What is “Burnout?”

According to Psychology Today, burnout is a state of chronic stress that leads to physical and emotional exhaustion, cynicism and detachment, as well as feelings of ineffectiveness or lack of accomplishment. As cited in this 2018 Gallup report, roughly two-thirds of full-time workers experience burnout on the job. While some may view burnout as the norm in today’s workplace, it comes with many negative side effects for both employees and the organization. In the same Gallup report, it is explained that burned-out employees are 63% more likely to take a sick day and 2.6 times more likely to look for a different job. For the employees that stay, they typically experience 13% lower confidence in their performance, and are half as likely set or discuss their performance goals with their manager.

Tips to Prevent Burnout

Overall, the above statistics show that it is necessary for employers to address burnout in the workplace. Listed below are steps from SHRM and Forbes that employers can take to help prevent employee burnout:

  1. Change of Scenery: If your organization can accommodate employees working remotely, even just a couple days a week, encourage employees to do so! A change of scenery helps remove employees from the environment that is fueling a burnout and positively impacts the body and creative mind.
  2. Expand Horizons: Encourage employees to spend time with employees who have different job titles or roles within the organization. This can be through team building events, luncheons, workout classes, team projects, or group volunteer efforts. When employees are around new groups of people, they begin learning about and discussing new topics. This helps take them out of their comfort zone, motivates them to be more mentally engaged, and helps boost their creativity.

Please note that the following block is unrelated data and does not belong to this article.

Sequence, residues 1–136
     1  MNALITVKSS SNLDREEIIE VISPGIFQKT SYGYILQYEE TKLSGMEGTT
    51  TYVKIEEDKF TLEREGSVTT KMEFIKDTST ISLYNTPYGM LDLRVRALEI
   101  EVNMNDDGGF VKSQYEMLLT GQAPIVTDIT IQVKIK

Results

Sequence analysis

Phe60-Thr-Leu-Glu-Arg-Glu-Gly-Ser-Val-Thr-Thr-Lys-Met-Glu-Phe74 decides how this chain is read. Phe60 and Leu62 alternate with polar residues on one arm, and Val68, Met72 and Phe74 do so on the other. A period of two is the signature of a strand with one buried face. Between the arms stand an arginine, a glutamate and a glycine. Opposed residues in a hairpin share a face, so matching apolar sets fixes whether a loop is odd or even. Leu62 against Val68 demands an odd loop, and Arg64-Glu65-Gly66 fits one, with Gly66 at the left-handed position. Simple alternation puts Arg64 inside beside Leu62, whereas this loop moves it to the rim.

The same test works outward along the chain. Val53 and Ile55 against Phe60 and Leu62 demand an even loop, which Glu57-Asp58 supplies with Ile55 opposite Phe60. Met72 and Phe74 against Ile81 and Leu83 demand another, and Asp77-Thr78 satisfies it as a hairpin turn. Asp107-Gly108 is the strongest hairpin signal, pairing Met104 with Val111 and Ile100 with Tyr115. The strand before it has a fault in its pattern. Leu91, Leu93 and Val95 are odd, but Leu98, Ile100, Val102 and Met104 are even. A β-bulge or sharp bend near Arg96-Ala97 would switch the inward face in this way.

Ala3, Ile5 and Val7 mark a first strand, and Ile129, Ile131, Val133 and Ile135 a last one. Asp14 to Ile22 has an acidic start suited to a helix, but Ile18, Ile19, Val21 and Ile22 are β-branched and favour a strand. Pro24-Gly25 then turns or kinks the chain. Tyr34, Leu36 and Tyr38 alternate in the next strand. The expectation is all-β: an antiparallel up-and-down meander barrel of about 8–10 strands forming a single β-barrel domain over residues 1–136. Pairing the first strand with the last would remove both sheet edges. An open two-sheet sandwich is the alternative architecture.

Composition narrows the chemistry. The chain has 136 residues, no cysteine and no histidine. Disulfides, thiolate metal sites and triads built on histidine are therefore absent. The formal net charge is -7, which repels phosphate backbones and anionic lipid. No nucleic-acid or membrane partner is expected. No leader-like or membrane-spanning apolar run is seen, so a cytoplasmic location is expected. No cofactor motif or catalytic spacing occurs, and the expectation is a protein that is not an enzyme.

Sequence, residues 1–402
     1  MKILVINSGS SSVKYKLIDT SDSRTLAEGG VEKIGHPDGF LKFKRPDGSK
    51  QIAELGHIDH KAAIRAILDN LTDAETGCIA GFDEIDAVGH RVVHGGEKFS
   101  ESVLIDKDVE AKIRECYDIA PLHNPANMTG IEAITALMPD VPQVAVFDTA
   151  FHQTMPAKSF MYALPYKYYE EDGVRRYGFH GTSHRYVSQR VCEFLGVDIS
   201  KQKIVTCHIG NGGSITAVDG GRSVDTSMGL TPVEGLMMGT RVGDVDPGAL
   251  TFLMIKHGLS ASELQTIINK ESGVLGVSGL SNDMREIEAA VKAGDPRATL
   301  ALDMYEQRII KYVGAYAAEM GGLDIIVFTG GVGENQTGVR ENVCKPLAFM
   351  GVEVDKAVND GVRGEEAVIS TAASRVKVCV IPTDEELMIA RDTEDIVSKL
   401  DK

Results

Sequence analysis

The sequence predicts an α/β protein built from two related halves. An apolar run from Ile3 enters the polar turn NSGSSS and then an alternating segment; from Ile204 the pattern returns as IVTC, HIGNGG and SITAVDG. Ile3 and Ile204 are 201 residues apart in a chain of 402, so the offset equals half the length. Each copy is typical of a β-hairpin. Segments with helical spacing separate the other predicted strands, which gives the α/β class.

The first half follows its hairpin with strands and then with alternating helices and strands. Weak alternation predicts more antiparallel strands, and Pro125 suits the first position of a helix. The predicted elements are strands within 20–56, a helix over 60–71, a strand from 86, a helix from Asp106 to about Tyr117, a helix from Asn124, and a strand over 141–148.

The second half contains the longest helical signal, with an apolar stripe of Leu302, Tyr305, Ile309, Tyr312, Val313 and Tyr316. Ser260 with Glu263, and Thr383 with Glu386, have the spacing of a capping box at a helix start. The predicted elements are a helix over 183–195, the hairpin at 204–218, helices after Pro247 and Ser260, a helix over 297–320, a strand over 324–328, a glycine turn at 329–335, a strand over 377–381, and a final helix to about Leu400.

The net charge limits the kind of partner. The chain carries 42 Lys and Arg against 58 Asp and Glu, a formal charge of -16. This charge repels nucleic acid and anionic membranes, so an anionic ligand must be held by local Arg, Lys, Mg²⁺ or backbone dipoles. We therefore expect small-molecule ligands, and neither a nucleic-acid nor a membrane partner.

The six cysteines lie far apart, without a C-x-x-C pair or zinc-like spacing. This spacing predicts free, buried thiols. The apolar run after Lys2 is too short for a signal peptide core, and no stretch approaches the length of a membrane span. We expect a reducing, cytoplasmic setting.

3. Mental Health Days: Be mindful of your employees mental health and encourage them to take mental health days when they need one. Having support from their manager can help alleviate employees’ apprehension over asking for time off and any fear they have about not being perceived as a team player. For more information on addressing mental health in the workplace, click here.
  4. Promote Work/Life Balance: The best way to promote work/life balance is to lead by example. Do not work overtime unless absolutely necessary, take your allotted vacation time every year, close the office early on or the day before holidays, practice mindfulness, and encourage all your employees to do the same!
  5. Monitor Workloads: Cleary communicate performance goals with employees and distribute workloads and responsibilities fairly. When assigning tasks, keep employees’ strengths and weakness in mind. Appropriately distributing work and setting employees up for success is one of the best ways to maintain performance and prevent burnout!

For more information, click here!

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